Laura Soloff talks about Filmmaking Program of the Art Institute of California, Los Angeles

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Laura Soloff has more than 25 years of experience in career-focused education and human resources management. She earned her Bachelor’s degree at the University of California, Los Angeles (UCLA). She is actively involved in educational and community initiatives and serves on the Board of Directors of the Santa Monica Chamber of Commerce and formerly served as past President of the California Academic Decathlon Board of Directors.
Laura currently presides as President of The Art Institute of California—Los Angeles, one of The Art Institutes, a system of over 40 education institutions located throughout North America, since February 2003. She served as President of the Orange County campus in July 2000 and as a regional vice president for Education Management, a parent company of The Art Institutes.
Prior to working for The Art Institutes, Laura served as Director of Human Resources and Administration at Sony Pictures Entertainment in Culver City, California and was an integral part of Fashion Institute of Design & Merchandizing (FIDM) serving as Director of Career Planning and Placement, Campus Director, Regional Director and Director of Student Financial Services.

Bijan Tehrani: Please tell us about this school and its growth over this past decade
Laura Soloff: Well we have been in this location for over ten years. The Art Institute has been in existence for over forty-five years. This is our first campus here in Southern California, and the growth has been phenomenal. We started out with several small programs, and it has blossomed into close to 2,000 students this year. One of our premier programs is Digital Filmmaking and Video Production, among others. We’re just in a terrific location here in Los Angeles to get the best faculty. People come and go from the industry and they bring fresh approaches and give the students opportunities to get real world experiences.

BT: Has the Digital Filmmaking and Video Production program been welcomed by the students? Has it been a good experience?
LS: Yes. It took a little while to grow the program and to get it going. But under David Schreiber’s direction, the core of the program is story telling, and we have a wonderfully diverse student body with many stories to tell. They draw on their life experiences. It has become a fairly well known program here in Los Angeles. It is one of the premiere film programs in The Art Institutes, and I think it is the only one that teaches in this particular focus in Southern California.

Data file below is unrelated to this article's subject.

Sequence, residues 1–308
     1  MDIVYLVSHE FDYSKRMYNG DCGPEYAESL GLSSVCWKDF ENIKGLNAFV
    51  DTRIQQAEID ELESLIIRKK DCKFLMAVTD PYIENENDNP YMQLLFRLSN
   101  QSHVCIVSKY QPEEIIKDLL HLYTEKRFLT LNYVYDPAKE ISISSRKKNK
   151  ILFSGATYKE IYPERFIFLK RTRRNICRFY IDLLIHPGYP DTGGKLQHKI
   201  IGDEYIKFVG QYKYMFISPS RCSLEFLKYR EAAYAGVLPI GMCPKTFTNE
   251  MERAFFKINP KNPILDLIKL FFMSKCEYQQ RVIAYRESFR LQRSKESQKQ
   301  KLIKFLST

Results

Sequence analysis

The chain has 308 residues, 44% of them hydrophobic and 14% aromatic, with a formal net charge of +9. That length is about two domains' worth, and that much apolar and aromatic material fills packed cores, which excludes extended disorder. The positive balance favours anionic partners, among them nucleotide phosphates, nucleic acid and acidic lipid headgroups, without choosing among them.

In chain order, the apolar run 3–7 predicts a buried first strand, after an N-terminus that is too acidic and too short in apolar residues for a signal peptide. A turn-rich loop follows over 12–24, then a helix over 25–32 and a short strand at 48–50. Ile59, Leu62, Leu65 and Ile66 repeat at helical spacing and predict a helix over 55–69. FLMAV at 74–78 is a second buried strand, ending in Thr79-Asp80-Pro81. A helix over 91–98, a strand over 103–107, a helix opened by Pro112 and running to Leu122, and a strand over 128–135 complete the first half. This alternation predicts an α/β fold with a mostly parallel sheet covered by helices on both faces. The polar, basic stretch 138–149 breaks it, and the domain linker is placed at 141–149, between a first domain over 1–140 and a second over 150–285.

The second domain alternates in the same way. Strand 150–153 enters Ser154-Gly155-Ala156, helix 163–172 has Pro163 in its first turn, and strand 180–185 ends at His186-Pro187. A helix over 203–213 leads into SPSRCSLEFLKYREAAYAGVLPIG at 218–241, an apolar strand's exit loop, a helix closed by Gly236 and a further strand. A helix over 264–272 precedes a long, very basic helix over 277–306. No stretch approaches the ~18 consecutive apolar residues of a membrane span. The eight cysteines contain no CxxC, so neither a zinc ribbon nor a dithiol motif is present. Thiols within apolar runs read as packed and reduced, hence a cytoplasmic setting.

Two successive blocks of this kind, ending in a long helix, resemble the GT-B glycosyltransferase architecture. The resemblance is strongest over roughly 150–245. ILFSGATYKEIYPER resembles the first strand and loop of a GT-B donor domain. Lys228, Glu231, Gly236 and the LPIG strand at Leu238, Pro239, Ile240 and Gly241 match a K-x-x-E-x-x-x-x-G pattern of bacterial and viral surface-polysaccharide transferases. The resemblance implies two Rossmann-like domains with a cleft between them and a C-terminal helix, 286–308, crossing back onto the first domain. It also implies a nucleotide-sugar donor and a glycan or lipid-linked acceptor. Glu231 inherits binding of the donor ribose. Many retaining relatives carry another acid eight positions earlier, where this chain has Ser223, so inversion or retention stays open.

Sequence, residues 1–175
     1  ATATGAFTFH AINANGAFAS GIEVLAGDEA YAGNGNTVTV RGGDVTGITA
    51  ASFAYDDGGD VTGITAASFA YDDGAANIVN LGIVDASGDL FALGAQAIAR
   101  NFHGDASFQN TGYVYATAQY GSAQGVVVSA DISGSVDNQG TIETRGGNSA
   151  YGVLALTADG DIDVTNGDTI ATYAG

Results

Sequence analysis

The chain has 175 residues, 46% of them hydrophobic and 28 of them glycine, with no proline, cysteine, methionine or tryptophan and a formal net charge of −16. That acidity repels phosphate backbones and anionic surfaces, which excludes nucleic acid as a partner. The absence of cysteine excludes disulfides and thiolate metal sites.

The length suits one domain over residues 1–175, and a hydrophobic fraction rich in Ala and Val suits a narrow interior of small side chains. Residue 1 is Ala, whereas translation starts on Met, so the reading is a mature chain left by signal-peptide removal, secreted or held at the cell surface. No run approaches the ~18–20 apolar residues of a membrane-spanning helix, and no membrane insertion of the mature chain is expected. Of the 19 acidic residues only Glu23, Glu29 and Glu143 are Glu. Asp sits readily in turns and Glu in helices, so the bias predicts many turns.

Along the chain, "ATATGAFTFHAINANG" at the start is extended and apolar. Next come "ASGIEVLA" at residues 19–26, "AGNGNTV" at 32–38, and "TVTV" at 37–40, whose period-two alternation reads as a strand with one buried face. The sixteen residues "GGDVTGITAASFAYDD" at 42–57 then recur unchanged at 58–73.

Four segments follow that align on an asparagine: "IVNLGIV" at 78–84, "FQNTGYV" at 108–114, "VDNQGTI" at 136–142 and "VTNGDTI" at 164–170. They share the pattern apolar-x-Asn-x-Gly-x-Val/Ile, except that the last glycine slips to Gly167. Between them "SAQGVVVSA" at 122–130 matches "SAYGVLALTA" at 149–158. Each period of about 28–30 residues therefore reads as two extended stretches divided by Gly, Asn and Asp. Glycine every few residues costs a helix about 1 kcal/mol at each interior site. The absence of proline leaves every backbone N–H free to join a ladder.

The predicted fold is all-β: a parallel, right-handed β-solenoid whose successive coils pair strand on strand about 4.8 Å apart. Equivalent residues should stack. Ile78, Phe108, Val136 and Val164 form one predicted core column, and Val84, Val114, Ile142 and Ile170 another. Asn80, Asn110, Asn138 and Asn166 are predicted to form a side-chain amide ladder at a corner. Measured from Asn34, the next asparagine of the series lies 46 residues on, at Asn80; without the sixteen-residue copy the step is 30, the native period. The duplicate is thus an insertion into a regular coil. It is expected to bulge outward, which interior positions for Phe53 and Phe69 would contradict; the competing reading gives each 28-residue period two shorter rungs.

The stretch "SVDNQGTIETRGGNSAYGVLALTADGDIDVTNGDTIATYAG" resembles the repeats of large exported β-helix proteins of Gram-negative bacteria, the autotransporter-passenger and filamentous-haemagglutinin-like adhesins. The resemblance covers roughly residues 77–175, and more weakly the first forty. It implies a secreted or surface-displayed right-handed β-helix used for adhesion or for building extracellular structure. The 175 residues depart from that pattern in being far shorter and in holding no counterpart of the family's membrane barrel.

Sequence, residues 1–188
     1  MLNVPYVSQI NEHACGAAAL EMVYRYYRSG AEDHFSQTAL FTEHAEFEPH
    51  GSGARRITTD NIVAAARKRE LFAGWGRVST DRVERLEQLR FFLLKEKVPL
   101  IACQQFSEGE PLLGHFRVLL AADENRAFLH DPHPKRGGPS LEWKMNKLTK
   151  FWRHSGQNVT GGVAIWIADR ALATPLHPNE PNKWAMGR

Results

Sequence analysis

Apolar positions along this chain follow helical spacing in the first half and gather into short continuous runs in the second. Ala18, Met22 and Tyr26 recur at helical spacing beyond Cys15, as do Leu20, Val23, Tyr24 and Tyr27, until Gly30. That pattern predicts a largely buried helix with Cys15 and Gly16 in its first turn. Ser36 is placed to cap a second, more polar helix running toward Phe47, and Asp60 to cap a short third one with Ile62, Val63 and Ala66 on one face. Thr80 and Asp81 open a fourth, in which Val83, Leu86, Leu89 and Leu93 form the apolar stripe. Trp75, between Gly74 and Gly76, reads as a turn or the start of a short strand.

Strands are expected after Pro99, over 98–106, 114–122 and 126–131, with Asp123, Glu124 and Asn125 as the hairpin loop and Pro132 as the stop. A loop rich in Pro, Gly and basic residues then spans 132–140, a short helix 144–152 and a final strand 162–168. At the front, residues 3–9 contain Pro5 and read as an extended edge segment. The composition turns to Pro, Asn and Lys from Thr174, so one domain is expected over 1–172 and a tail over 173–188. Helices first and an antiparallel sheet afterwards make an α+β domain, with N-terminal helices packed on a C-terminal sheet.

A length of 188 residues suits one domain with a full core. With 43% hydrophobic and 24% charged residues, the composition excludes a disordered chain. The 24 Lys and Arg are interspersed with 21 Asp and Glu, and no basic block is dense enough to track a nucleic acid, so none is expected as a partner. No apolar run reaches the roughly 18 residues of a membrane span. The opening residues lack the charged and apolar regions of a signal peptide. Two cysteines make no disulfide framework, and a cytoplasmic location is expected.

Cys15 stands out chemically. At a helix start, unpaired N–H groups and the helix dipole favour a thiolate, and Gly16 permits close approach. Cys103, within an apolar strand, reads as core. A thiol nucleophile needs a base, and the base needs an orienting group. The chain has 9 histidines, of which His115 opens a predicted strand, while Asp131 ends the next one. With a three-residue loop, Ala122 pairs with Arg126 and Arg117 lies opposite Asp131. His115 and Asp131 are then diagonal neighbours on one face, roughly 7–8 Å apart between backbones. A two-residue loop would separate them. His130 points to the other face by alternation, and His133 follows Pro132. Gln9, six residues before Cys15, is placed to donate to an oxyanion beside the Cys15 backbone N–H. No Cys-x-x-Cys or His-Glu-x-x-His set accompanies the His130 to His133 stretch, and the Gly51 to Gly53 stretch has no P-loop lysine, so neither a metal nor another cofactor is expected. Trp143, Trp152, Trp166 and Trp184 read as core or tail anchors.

BT: How do you see the future of this program? Do you think it will continue to get more attention, and more students? Is there a degree given for this program?
LS: Yes. We are currently awarding an Associates of Science in Video Production, and a Bachelor of Science in Digital Filmmaking and Video Production, which is a broader scope program. But we are following the trends of the industry. With our program advisory committee that meets twice a year, our goal is to keep up with the industry, the different trends and different kinds of cameras and delivery systems, so we listen to our industry folks who tell us which direction to go. So far we seem to be able to maintain an edge and give the industry what they need.

BT: The students who really like the program seem to say that more than any other school that is teaching film, they feel that this is more of a hands-on program. It lets the students start to do things themselves.
LS: What is different in our program is that from day one the students actually have a camera in their hands. They begin to experience what it is like to be in a production environment through their classes, through learning teamwork, and through learning the different positions in a production. It starts from day one, and I think that’s what sets us apart from some of the other film schools.